If he is a complex architectural element, that’s the stairs. Its design requires countless calculations so that it is both secure and comfortable to use, that is to say the least restrictive possible for its users. Here are some indications concerning the standards that the staircase should ideally meet.
Staircase: an architectural element that is not produced at random
Any staircase must be able to allow the user to climb the floors comfortably with little effort. For this, it is imperative to respect very specific dimensions. Standards were enacted by Jacques-François Blondel, a French architect (1618-1686) who was Director of the Academy of Architecture, and who theorized a ” calculation formula Staircase which we still use today.
Short overview of the glossary relating to a staircase
The technical vocabulary relating to the staircase is very specific and it is important to know it if you wish to manufacture this architectural element yourself. Its glossary includes, for example:
- The stringer, structure of the staircase,
- The size, importance on the ground,
- The breakaway or height directly above the steps: in most cases this is the height below the ceiling.
- The step or passage width,
- The landing(s) also called platforms,
- The steps (we call stolen the steps that are between two landings), the vertical part of each step being called the riser, knowing that some stairs do not have risers,
- The creeping guardrail,
- The ramp which includes the handrail (part on which the user puts his hand) and the creeping guardrail,
- The hopper, opening in the ceiling where the arrival of the staircase ends
- The trimmer, element of the hopper,
- The scale is the wall on which the staircase rests.
This list is not exhaustive.
Staircase: basic calculation
The universally used formula for creating a staircase takes into account:
- The height of a step: h,
- The pitch, which signifies the useful depth of a step, ie the distance between the nosing and the riser: g.
According to Jacques-François Blondel, the best climbing comfort is that offered by a staircase whose tread is high and the height of a step relatively low, as are more generally the staircases of the old era. On the contrary, the steeper a staircase, the less comfortable it is to climb. This is the case with many contemporary staircases that have a low tread and a higher step height.
To build a staircase, it is also necessary to take into account the space available. This constraint may require varying the form of this architectural element and/or the number of steps. But in any case, it is fundamental to stick to:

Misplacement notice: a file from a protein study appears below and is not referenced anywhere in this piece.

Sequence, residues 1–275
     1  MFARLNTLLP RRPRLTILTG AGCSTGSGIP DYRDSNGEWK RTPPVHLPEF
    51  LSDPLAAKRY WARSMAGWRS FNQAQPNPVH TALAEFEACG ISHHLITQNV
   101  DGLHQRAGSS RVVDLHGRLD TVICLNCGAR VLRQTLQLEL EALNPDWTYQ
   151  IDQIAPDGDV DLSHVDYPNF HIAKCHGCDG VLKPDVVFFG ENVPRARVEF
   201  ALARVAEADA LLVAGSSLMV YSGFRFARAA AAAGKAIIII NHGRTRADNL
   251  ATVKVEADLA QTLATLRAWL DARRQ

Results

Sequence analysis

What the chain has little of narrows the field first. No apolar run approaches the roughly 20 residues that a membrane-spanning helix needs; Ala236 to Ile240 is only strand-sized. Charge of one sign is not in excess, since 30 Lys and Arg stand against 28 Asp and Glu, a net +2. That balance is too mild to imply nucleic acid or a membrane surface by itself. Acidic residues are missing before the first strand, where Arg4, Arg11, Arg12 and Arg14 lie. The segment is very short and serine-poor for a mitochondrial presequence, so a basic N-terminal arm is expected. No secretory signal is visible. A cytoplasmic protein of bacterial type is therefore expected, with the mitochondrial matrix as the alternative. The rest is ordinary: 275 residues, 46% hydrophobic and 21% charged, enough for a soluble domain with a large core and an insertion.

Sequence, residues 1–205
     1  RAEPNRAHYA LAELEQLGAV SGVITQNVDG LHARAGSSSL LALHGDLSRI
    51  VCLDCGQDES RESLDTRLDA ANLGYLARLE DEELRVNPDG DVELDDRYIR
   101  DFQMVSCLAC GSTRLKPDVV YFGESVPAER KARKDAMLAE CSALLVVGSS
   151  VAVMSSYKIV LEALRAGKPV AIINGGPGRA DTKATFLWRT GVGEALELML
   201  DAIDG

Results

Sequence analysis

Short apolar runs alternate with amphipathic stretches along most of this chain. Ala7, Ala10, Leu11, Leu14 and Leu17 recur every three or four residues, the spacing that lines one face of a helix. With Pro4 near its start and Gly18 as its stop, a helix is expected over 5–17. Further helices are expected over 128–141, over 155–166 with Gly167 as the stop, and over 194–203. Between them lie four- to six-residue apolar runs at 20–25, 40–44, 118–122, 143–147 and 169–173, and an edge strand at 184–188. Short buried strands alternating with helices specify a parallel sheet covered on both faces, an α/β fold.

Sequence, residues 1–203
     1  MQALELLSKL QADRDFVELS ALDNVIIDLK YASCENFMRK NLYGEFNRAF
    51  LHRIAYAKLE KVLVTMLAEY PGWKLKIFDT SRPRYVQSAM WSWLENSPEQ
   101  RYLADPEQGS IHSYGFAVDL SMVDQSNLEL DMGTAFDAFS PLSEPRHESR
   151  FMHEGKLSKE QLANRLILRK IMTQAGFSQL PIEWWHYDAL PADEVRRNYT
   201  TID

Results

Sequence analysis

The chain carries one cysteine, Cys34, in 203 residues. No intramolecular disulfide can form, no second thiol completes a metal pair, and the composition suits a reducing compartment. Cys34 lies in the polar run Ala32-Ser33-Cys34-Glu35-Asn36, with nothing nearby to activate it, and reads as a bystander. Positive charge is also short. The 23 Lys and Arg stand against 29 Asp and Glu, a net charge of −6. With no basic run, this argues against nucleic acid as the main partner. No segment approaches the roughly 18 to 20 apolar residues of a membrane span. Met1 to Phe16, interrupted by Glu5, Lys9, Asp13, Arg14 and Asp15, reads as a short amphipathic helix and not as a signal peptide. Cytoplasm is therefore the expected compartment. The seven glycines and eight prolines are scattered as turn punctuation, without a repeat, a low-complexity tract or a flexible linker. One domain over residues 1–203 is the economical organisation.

- A lap of more or less 30 cm and which should not be less than 23 cm,
- A step height of 21 cm maximum but ideally between 16 and 17 cm.
The length of a step on a step is called the no stride. It is considered to be between 60 and 64 cm, but it can be admitted to a minimum of 57 cm and a maximum of 65 cm, always for the sake of comfort. According to Blondel’s formula, it corresponds to 2 h + 1 g. That is to say that we add 2 step heights to 1 tread. Example for a staircase whose step height is 17 cm and the tread is 24 cm, we therefore obtain (2 x 17) + 24, i.e. a stride pitch of 58 cm. This value is also called the Blondel relation.
Dimensions of a staircase: standards
The staircase must comply with standards and regulations if it is intended for the public, if it is a staircase for fire evacuation or if it is an industrial staircase. In the private sector, standards are not mandatory. But individual buildings intended to be sold or rented must comply with the regulations concerning accessibility for people with disabilities.
However, if you want to have a staircase that is both comfortable and safe, it is better to follow the following recommendations:
- The guardrail must comply with manufacturing standards NF P01-012 and NF P01-013
- The dimensions as we have detailed them previously, namely:
- From 21 to 27 cm for the lap,
- From 17 to 21 cm for the height of each step,
- Respect a passage width of at least 70 cm.
This is a minimum to remember, but the dimensions standard do not stop there, because they also concern the angles, the inclinations or the number of steps, namely:
- Angles of a staircase : between 25 and 42°, i.e. around 32° for a straight staircase,
- Inclination of a staircase : it must be acceptable to limit efforts but also the risk of falls. The recommended inclination is between 30 and 35°. The less inclined the staircase, the less effort the user has to make to climb upstairs.
- Number of steps in a staircase : to calculate it, simply divide the height of the stairs by the desired step height. There are generally 17 steps for a height of 2.80 m or 15 steps for a total height of 3.00 m. Of course, always maintain a comfortable step height. The maximum number of steps must not exceed 18 if we want to avoid the staircase being too constraining.
- Floor area (footprint) of a staircase : it depends on the type of staircase.
- Escape : at least 1.90 to 2 m
- wilting : 0.80 to 1.00 m is desirable to allow two users to pass each other without getting in each other’s way.
The constraints faced by stair manufacturers are truly considerable. We therefore do not launch ourselves into this type of design if we do not have any knowledge in the matter. Admittedly, to simplify the task, it is possible to use a online stairs worksheet. But this may not be enough for all those who only tinker very occasionally.
For reasons of security first of all, from practicality and of comfort then, we cannot recommend highly enough to entrust the conception and his installation to a specialist such as a carpenter. A mason can make a concrete staircase and if you want to install a 100% metal staircase at home, it is possible to have it made by an ironworker. The ideal is to ask for several staircase quotes in order to be able to study the different services and compare the prices.